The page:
Katie Fallon Reflections

2015–2017

Chemistry: Twin Bridges

Bird-loud: goldfinches, blue jays. Red-shouldered hawk circling overhead, crying. The hey there song of a black-capped chickadee. Downy woodpecker. Flicker. I wind along the light-dappled trail from the parking area, slowly, listening, enjoying the loneliness of the afternoon. I watch my feet step along the path. I smell the sun in the newly fallen leaves.

Walking the trail to Twin Bridges, my senses are filled with the forest’s details but my thoughts churn — nagging thoughts, the familiar anxieties, the questions that keep me from slowing down. My daughters, three-years old and one-year old, are somewhere with their grandparents, running, shouting, falling, eating, wailing, wanting to nap, spilling, tossing: the chaos that has become routine. I’m rarely alone; sometimes I’m not sure where my daughters end and I begin, and while I crave and cherish time I have to myself, I find it difficult to not think about my children. Perhaps this is how reflection works: while living a moment, it’s difficult to understand that moment. Understanding requires distance.

I learn from an interpretive sign that when an Eastern hemlock tree falls, if the conditions are right it can become a “nurse log.” The nurse log provides nourishment for new sprouts, which reach up from the fallen trunk towards the sun. The nurse log doesn’t really have a life of its own anymore; where once it stood tall, confident, important, now the tree lies quietly on the forest floor, on a blanket of its own fallen needles, while its riotous children suck all of its nutrients and grow stronger, taller, and more brazen, dancing on the back of their decaying mother.

I don’t mean to be sexist — I’m sure one could personify a nurse log as male — but I’ve spent a lot of time in the last three years nursing my human children. I can relate to those Eastern hemlock nurse logs, reduced now to humps of soil in the forest around the Twin Bridges. Most days, I feel like a nurse log myself, both figuratively and literally. I nursed both my children; I am still nursing my younger daughter.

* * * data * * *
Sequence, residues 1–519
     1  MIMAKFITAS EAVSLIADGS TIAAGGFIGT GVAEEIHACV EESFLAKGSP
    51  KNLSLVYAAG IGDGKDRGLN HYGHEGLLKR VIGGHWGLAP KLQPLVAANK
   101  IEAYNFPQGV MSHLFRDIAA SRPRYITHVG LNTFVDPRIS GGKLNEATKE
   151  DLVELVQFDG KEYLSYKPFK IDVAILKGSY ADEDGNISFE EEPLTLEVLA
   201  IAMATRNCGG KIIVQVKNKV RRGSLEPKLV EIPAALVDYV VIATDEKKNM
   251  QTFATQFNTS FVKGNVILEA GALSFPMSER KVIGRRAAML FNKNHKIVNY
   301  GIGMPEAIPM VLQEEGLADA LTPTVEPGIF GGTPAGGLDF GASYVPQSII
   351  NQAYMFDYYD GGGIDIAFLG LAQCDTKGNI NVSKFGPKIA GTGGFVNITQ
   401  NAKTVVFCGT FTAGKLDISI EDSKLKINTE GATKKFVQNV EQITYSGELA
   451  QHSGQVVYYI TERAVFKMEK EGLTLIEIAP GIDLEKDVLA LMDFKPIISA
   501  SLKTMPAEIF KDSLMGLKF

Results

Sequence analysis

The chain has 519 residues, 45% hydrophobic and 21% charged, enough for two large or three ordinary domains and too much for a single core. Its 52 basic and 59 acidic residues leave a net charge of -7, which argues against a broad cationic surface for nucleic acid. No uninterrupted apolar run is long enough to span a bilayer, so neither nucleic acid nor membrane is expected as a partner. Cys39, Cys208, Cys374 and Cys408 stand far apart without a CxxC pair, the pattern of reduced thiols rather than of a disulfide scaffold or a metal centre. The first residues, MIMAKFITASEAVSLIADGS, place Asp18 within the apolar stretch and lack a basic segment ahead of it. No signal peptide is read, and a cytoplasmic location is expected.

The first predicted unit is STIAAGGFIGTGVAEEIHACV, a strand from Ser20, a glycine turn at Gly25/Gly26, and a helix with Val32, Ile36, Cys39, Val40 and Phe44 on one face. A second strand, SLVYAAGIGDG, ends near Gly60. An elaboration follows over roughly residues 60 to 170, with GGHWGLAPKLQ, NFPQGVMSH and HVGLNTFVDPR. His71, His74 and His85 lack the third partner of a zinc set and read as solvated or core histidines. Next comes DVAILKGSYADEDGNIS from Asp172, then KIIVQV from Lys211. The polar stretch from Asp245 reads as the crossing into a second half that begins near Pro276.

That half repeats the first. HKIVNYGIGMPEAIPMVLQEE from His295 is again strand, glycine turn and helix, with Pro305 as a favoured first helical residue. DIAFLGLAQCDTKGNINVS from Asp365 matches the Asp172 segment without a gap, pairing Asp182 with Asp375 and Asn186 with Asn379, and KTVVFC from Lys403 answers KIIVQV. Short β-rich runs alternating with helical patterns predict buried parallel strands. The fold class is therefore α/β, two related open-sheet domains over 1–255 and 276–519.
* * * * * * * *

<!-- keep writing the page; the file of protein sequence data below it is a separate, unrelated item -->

Before my first daughter was born, we attended a birth class. I don’t remember many of the details, but some of the reading material the hospital distributed suggested that new mothers keep a breastfeeding diary — what time the baby eats, for how long, and how often — in other words, a nursing log.

I didn’t keep a nursing log. I thought about it, and I bought a blank journal for that purpose, but instead, I began writing letters to my new daughter on the crisp pages. I recorded some practical information (“today you tried to roll over,” “last night you woke up seven times”) but most of the entries conveyed my thoughts about being mom and about how loved my baby girl was, by me, her dad, her grandparents, and especially our old dog. I wrote about what toys were piled in her crib, books we read to her, what birds were outside at our feeders while I sat on the rocking chair as she nursed. I wrote about how I grew her inside my body, and about how now my body was producing the only food she’d need for months. It’s amazing, really — how a body pulls nutrients together, concentrates them, then passes them to a child.